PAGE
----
To understand harmony correctly you have to understand how an orchestra works. An orchestra is comprised of many different instruments that all sound different, play in different keys, have different purposes, and belong to different sections. The conductor chooses a piece of music and his job is not to get everyone to play the same thing, but to use different sounds playing together to produce harmony. Unity is everyone playing the exact same note together all the time. There are moments in an orchestral arrangement when that happens, but never for any length of time. That would be boring and would lack any musicality. An orchestra is a group of people with different instruments playing different notes together in a way that creates harmonious music. I like to define authentic unity as the supernatural ability to create harmony in the midst of discord.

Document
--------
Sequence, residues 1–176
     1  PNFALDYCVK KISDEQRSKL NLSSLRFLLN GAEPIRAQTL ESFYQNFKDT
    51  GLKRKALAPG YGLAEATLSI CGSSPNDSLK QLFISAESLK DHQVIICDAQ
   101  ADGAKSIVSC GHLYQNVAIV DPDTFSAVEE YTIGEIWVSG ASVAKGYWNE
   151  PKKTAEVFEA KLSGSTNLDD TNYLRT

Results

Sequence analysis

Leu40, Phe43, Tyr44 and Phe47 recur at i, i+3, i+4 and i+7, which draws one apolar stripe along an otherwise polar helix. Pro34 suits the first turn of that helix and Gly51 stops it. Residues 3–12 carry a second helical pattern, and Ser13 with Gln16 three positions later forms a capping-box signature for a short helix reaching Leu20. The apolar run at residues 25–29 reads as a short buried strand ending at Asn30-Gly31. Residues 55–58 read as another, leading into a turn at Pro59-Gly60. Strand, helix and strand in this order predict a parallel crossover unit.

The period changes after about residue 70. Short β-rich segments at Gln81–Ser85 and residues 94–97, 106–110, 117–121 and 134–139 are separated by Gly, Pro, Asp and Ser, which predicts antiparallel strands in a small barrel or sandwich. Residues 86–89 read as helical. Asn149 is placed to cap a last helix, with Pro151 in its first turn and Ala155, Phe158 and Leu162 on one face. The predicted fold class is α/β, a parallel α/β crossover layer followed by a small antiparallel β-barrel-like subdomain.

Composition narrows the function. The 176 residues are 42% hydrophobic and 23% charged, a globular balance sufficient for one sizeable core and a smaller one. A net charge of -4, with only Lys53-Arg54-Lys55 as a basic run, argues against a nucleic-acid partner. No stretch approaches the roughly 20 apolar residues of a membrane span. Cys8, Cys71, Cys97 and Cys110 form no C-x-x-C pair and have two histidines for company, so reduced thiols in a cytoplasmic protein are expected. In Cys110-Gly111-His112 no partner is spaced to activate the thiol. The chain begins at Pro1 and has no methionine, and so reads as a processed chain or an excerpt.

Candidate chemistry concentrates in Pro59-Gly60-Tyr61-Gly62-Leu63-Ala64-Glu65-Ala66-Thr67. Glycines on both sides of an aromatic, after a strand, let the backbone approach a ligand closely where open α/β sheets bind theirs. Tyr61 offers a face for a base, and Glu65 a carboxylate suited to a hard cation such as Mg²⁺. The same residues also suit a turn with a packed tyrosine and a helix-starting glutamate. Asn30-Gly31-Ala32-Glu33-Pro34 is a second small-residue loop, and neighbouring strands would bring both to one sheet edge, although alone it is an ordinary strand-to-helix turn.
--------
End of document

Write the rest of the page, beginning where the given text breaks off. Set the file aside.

I had the privilege of playing in the University of California, Santa Cruz Symphony Orchestra and Chorus for their performance of Igor Stravinsky's Symphony of Psalms. I was struck in rehearsal by the fact that as the conductor had each section play a passage alone it sounded horrible. But when each section played together, an unbelievable sound emerged out of the discord. That is the picture of unity in the Body of Christ and that is what we are to strive for. God is not calling us to all think exactly the same, dress the same, agree 100% of the time, and never have arguments. The only way for harmony to exist is for there to be discord and then each of us allow the Maestro to bring us together in harmony as we willingly submit to one another and to the conductor. I played third trombone in that orchestra and I practiced my part for two months before our first rehearsal together. Not only was that piece of music extremely challenging, it was difficult to practice my part because, by itself, it sounded horrible. It did not seem to have any direction or tonality by itself, but my instructor assured me I was playing it right. I remember that first dress rehearsal with the entire orchestra and chorus. This was the first full symphony orchestra I had ever played in and the first one with a full chorus. There were about 75 instruments in the orchestra and at least 100 voices in the chorus. We all began to tune up before the conductor stepped up to the podium and it sounded more like my junior high band than an orchestra. Then the Maestro lifted his baton and began to lead us in what was the most incredible sound I had ever heard. I almost couldn't play. I was so mesmerized. My third trombone part suddenly sounded beautiful and made sense when I played along with that orchestra.